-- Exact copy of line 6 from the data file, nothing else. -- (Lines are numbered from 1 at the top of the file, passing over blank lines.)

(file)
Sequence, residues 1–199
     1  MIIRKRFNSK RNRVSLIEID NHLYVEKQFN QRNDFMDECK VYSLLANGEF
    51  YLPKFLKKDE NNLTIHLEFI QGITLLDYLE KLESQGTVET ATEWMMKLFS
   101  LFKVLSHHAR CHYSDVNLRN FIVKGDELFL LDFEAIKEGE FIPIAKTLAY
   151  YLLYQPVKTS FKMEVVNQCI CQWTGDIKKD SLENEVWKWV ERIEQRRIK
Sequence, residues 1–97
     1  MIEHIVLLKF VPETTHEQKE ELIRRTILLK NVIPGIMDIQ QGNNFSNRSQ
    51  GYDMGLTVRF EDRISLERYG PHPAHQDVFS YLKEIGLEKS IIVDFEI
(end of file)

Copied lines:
Sequence, residues 1–97